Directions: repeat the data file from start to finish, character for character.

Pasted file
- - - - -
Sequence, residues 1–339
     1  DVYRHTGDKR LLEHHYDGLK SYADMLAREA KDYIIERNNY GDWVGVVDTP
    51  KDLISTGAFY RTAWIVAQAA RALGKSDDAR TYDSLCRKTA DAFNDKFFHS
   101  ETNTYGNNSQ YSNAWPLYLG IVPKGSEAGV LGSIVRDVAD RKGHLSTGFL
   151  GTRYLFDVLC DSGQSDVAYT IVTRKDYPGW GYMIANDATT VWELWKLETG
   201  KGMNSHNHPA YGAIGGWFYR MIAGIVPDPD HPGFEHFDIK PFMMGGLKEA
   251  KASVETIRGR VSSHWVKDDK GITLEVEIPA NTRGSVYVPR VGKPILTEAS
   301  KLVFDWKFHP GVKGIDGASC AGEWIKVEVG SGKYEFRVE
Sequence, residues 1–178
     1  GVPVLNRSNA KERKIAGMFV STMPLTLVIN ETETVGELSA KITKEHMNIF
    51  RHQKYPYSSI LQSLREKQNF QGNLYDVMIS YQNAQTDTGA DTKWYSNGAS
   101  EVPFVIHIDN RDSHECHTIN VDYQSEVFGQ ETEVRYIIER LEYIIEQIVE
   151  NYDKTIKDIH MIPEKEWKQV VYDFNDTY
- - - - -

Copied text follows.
Sequence, residues 1–339
     1  DVYRHTGDKR LLEHHYDGLK SYADMLAREA KDYIIERNNY GDWVGVVDTP
    51  KDLISTGAFY RTAWIVAQAA RALGKSDDAR TYDSLCRKTA DAFNDKFFHS
   101  ETNTYGNNSQ YSNAWPLYLG IVPKGSEAGV LGSIVRDVAD RKGHLSTGFL
   151  GTRYLFDVLC DSGQSDVAYT IVTRKDYPGW GYMIANDATT VWELWKLETG
   201  KGMNSHNHPA YGAIGGWFYR MIAGIVPDPD HPGFEHFDIK PFMMGGLKEA
   251  KASVETIRGR VSSHWVKDDK GITLEVEIPA NTRGSVYVPR VGKPILTEAS
   301  KLVFDWKFHP GVKGIDGASC AGEWIKVEVG SGKYEFRVE
Sequence, residues 1–178
     1  GVPVLNRSNA KERKIAGMFV STMPLTLVIN ETETVGELSA KITKEHMNIF
    51  RHQKYPYSSI LQSLREKQNF QGNLYDVMIS YQNAQTDTGA DTKWYSNGAS
   101  EVPFVIHIDN RDSHECHTIN VDYQSEVFGQ ETEVRYIIER LEYIIEQIVE
   151  NYDKTIKDIH MIPEKEWKQV VYDFNDTY